by Xinhua writer Miao Xiaojuan
BEIJING, July 2 (Xinhua) -- China's newly-implemented tort law, the country's first special law on liability for acts of infringement, is likely to further safeguard individuals' personal and property rights and better gauge social behavior, law experts said Friday.
The Tort Liability Law, which took effect Thursday, provides that people may sue for damages following medical accidents, road accidents, harm from pollution, mental distress, and violations of privacy or reputation on the Internet, as well as injuries from objects thrown from high-rise buildings.
"Due to the lack of a legal basis to handle infringement cases in the past, the enforcement of the tort law will possibly trigger a surge in civil claims in the near future," said Wang Jun, a professor from the law school of Shanghai-based Fudan University.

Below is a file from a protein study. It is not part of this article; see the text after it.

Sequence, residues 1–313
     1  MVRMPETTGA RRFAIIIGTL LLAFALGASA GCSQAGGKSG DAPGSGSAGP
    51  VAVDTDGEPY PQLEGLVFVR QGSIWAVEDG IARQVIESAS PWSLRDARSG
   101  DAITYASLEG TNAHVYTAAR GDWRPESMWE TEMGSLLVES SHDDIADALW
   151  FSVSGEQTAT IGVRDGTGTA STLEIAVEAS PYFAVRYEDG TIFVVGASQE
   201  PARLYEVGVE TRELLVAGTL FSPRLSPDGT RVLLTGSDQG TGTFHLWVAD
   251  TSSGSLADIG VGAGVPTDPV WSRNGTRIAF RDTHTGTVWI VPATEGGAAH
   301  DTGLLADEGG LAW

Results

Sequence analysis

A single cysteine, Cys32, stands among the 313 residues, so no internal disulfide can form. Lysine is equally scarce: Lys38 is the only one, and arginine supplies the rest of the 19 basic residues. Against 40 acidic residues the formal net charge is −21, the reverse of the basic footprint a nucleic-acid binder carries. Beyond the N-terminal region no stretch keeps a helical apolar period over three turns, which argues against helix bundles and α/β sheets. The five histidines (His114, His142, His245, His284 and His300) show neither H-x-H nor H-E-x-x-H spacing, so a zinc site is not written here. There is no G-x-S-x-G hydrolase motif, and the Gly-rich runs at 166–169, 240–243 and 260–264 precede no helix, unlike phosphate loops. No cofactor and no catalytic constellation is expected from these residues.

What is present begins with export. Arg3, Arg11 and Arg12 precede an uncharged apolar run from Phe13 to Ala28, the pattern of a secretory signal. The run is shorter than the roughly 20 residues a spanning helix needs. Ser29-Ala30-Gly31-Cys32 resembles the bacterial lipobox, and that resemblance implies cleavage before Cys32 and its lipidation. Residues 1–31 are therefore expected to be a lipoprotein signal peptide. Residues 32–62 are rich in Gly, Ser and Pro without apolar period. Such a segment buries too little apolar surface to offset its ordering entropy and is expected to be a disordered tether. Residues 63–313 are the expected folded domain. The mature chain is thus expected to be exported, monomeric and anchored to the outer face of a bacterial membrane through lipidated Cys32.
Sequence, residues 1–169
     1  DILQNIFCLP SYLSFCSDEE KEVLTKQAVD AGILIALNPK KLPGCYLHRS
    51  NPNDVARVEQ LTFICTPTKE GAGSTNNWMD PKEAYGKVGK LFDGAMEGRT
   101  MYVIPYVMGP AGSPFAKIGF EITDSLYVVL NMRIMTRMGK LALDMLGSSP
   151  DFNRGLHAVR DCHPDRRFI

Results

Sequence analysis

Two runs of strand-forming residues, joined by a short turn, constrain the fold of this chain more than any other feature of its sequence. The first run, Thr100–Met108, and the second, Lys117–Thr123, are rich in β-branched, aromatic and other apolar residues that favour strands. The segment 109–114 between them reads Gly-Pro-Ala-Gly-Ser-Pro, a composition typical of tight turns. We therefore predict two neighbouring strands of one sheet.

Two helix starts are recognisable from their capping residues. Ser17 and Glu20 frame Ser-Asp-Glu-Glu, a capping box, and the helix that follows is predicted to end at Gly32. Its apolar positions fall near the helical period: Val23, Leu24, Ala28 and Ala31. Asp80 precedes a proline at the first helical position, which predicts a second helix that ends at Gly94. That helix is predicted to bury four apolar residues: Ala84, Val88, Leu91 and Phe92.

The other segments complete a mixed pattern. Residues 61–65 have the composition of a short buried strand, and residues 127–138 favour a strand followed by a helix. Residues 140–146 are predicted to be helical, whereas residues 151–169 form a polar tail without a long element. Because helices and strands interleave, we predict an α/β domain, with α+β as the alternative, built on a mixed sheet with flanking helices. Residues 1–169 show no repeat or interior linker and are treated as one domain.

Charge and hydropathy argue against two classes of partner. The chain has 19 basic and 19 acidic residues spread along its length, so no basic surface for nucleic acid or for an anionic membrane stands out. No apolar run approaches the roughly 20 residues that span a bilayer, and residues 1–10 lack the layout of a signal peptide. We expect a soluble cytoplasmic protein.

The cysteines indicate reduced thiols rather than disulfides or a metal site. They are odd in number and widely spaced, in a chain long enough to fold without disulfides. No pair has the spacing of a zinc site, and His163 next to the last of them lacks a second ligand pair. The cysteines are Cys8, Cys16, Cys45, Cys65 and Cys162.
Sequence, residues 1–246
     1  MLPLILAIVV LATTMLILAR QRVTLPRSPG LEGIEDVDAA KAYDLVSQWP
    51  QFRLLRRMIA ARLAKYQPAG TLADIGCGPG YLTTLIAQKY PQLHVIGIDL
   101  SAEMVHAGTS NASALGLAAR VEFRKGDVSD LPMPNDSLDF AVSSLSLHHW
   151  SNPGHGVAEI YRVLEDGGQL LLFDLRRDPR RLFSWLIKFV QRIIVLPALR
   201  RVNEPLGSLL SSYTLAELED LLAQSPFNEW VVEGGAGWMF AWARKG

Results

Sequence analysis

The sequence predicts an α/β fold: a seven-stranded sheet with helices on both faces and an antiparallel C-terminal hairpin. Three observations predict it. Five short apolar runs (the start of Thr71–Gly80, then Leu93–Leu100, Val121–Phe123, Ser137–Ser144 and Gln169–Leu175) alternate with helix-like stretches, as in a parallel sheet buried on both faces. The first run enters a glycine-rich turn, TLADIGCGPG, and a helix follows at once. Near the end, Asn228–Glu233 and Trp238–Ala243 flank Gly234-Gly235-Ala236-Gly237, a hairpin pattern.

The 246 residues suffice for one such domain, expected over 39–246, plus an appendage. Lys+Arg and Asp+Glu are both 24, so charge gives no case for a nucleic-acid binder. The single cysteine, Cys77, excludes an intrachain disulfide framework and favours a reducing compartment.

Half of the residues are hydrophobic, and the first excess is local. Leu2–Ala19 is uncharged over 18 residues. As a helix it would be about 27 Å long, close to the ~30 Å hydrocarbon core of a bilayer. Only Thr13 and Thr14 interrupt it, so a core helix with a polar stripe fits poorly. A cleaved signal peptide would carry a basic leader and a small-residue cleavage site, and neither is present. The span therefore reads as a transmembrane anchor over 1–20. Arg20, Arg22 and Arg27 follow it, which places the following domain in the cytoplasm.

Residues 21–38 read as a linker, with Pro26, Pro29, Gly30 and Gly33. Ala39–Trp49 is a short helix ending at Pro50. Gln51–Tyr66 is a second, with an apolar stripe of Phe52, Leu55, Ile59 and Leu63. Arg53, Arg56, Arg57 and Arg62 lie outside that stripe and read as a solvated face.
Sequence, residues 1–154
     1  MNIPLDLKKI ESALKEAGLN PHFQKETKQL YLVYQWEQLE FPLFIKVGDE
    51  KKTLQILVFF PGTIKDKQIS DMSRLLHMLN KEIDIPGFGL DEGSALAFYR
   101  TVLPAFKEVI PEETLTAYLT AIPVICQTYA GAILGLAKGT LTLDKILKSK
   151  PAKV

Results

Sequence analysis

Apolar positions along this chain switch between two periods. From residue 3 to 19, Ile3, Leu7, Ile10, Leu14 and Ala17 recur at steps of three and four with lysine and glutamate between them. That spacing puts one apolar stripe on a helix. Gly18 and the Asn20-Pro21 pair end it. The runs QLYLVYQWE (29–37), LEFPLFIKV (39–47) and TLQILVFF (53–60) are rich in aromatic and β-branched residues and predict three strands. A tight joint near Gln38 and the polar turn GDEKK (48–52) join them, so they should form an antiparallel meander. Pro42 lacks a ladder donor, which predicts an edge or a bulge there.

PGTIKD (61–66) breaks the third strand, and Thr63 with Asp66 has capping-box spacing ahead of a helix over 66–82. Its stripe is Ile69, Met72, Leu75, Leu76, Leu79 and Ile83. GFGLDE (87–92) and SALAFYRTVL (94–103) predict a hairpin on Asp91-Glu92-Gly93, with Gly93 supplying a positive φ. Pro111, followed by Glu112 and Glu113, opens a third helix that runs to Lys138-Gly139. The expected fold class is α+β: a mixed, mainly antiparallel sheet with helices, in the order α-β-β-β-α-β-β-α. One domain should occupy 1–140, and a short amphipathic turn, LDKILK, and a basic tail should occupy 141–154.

The tort law, approved in December of last year, has been seen as one of the key laws within China's legal framework of civil rights protection.
But experts warned that the law should not apply to cases that happened before the day it took effect, as some media reports said Friday courts in Shanghai and other cities had accepted dozens of infringement cases, for possible future hearings, Thursday.
"The law cannot be retroactive, but somehow it can provide a reference for judges handling cases that happened before July 1," said Wang Limin, a professor of civil law from Beijing-based Renmin University who also participated in writing the law.